If I Google the word, “Prayer“, I’m greeted with oodles of sites that offer 24/7 prayers to anyone requesting them. Again, if I Google “What is prayer?” I again get some very interesting results, like, “Prayer is the practice of the presence of God. It is the place where pride is abandoned, hope is lifted, and supplication is made.” See: https://carm.org/christianity/prayer-ministry/what-prayer.
Or, “Prayer is a communication process that allows us to talk to God!” See: http://www.allaboutprayer.org/what-is-prayer.htm
I doubt that there is a person on this planet who hasn’t, almost on a daily basis, initiated a deliberate prayer-ritual, or just silently prayed for something–wished for something to use that word, if the word, “prayer” bothers you. But, why is it that, most of the time when we pray, it’s because we’re either super elated and want to give thanks, or we’re desperate for help. Shouldn’t prayer be a daily ritual in our lives? I mean, if our prayers are mostly a thank you when we’re feeling really good, or a supplication–petition, when we’re desperate or in need of help, isn’t that sort of, like, saying, “ God, when you’re really good to me I’ll thank you, and when I’m in need of your help I’ll call you. In the meantime, stay out of my life.”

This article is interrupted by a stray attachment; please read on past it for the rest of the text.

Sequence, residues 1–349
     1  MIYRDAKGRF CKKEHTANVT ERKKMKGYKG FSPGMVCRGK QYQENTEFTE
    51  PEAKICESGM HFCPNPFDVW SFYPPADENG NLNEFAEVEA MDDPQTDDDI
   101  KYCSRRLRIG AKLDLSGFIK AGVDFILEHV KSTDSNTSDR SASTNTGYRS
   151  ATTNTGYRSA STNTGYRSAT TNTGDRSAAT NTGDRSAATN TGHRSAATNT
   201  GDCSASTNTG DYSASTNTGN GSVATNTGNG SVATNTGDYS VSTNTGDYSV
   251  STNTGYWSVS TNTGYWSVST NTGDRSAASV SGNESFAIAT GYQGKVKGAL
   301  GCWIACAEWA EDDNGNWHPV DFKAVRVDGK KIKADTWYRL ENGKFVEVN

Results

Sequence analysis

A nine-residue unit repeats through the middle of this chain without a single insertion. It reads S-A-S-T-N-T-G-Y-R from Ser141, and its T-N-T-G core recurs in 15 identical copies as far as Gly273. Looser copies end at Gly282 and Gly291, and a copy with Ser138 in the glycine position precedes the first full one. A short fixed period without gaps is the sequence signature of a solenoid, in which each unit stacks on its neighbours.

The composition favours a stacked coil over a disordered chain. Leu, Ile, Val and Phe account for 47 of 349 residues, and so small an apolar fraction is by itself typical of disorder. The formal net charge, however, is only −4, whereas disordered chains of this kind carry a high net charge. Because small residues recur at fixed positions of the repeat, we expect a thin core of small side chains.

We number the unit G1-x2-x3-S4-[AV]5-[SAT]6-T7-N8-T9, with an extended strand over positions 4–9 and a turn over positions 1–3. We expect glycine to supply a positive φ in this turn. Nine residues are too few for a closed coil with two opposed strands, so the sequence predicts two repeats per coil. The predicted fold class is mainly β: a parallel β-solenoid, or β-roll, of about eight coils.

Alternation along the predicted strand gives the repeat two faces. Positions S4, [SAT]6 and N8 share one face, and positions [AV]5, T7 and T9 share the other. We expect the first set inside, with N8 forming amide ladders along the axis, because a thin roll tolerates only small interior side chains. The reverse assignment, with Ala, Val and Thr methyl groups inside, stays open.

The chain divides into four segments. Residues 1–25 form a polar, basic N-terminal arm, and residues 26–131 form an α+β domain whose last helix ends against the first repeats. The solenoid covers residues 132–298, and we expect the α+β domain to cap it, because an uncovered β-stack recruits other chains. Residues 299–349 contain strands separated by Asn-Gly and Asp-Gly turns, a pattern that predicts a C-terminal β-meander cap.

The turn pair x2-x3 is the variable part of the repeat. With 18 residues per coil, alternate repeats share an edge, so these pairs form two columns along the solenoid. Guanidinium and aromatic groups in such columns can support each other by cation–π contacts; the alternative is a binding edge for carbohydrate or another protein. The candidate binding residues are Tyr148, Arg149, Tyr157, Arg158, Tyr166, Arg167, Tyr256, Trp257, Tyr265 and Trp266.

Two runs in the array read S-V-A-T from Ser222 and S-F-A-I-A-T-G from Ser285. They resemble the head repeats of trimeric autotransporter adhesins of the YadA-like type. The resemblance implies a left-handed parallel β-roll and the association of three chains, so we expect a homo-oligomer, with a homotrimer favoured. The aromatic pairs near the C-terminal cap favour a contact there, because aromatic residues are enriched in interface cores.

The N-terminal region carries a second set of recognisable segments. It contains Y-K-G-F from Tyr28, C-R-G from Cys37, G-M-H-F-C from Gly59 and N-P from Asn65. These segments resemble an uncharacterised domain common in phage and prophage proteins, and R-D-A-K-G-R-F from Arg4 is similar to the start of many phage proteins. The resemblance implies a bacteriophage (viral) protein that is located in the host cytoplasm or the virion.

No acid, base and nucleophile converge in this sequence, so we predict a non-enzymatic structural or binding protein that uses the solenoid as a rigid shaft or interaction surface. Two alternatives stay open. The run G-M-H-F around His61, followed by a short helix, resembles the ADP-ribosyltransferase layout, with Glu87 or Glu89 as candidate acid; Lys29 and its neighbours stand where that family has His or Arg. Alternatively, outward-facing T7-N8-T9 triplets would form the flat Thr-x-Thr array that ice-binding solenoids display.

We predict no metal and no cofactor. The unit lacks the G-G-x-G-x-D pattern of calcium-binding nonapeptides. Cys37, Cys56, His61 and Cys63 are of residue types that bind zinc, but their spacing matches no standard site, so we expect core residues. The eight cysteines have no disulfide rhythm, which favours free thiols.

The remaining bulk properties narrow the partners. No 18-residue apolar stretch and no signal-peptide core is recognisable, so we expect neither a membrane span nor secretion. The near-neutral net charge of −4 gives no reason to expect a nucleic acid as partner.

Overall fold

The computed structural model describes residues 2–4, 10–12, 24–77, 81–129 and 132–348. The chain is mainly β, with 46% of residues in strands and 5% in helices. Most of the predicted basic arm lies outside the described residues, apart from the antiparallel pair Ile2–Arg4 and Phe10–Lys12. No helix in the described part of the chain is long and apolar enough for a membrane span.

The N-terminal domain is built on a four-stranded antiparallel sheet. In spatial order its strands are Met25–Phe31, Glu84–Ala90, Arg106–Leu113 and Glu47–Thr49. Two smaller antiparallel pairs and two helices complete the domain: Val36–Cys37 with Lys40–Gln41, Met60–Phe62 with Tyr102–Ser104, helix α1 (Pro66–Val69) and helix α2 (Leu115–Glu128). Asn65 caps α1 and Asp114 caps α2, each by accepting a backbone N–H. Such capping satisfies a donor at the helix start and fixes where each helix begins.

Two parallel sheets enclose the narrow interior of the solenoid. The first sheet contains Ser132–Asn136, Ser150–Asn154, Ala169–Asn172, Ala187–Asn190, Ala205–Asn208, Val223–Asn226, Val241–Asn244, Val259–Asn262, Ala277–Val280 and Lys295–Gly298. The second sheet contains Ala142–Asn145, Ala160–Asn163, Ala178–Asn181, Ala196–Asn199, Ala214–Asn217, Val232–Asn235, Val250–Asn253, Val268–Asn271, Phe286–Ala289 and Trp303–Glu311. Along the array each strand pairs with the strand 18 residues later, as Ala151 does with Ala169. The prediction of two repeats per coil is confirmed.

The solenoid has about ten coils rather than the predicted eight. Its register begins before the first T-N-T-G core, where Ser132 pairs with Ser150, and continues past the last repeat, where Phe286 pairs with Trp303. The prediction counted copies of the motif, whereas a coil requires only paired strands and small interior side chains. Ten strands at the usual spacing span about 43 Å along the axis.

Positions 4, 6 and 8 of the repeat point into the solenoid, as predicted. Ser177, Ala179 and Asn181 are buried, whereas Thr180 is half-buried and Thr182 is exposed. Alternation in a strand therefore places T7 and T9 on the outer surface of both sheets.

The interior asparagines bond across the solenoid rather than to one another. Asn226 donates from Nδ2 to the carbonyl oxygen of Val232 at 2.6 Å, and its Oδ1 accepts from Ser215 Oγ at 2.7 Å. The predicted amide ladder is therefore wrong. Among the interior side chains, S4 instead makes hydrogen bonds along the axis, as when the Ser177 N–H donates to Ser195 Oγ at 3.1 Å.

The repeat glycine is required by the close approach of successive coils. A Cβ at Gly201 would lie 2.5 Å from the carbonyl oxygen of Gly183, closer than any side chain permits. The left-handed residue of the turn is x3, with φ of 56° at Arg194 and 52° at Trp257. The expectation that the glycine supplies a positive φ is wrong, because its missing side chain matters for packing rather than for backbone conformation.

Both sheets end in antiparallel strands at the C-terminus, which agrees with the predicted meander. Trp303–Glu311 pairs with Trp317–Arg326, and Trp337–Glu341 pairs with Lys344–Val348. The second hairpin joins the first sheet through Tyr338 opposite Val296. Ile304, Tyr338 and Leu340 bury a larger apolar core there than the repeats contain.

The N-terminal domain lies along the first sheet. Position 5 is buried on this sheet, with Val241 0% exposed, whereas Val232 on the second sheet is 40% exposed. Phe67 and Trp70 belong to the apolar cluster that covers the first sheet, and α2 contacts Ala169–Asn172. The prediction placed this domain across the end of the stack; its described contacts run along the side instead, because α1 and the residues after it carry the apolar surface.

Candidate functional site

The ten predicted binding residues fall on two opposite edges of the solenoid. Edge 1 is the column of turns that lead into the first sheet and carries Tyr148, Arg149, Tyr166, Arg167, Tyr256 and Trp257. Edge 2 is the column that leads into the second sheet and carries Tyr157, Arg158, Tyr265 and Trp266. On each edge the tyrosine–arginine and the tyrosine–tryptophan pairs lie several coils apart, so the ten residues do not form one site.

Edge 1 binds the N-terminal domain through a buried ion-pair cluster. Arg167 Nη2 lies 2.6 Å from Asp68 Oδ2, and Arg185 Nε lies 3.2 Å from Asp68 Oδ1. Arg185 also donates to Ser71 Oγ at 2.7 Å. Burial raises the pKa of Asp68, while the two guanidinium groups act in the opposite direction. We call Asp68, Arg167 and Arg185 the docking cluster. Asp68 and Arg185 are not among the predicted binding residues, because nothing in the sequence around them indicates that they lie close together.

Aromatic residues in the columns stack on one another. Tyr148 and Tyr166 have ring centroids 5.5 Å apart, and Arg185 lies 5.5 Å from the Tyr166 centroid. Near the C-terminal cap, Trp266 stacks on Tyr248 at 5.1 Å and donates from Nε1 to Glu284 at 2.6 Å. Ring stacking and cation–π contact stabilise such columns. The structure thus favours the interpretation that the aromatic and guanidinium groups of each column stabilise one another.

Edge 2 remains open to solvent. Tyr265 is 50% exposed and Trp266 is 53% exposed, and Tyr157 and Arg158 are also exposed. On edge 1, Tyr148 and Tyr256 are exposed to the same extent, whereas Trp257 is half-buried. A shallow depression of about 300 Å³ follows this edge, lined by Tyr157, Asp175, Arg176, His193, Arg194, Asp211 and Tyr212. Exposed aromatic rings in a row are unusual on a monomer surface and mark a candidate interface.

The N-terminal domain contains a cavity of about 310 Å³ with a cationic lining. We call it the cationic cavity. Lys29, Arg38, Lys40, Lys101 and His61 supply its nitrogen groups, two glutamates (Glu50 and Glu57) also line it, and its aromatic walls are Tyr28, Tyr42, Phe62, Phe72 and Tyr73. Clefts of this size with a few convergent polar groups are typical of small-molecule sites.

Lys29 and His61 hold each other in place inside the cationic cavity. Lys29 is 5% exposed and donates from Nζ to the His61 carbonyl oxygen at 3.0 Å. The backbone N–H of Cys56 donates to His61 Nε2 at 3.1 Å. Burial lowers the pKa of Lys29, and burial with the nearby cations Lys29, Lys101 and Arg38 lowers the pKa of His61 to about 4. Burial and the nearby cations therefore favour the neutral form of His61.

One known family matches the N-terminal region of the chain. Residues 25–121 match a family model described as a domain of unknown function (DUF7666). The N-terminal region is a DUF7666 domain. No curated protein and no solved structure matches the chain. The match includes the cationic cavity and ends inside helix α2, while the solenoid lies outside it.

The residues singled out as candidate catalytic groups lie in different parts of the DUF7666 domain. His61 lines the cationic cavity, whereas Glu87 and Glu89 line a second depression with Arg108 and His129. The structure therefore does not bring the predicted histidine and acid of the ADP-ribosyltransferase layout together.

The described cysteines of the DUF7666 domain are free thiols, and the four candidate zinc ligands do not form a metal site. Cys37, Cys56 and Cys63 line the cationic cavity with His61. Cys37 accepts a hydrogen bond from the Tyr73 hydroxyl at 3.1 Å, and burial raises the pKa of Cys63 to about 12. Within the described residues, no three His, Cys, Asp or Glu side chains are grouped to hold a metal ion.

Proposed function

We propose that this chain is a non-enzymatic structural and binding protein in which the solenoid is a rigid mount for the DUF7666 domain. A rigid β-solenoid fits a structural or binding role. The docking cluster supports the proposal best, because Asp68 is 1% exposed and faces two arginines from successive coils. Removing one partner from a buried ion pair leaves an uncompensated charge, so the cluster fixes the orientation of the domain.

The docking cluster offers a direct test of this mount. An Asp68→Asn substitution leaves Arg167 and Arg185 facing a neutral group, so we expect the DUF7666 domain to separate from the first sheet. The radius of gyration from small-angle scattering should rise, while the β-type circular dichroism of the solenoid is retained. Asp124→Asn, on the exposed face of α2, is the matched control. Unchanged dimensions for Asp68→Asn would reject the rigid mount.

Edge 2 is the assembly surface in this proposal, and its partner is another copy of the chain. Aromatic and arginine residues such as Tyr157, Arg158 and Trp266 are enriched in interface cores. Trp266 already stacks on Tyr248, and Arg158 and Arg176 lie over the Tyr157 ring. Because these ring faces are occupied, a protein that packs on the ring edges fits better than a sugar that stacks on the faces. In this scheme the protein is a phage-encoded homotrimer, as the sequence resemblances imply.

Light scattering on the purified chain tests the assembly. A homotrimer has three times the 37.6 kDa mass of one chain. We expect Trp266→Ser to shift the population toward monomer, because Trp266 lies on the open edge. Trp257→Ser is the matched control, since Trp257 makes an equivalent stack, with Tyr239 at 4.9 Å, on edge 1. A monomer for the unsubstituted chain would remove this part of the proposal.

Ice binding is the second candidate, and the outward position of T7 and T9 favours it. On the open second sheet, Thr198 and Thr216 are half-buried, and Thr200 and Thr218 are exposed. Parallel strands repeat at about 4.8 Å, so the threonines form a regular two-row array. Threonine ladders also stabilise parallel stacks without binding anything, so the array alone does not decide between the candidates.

I’m going to assume that most of my readers who are reading this blog are parents, so I ask, if one of your kids developed an attitude like this, how would you feel? How would you deal with a child that recognizes you only when lavish gifts on him or when he’s desperate?
We know that, as a parent, we are more pleased with the child that is grateful for what they already have, and are inclined to often give ‘a little extra’ than requested. God–the universe–works much in the same way.
The Universe loves gratitude–genuine gratitude.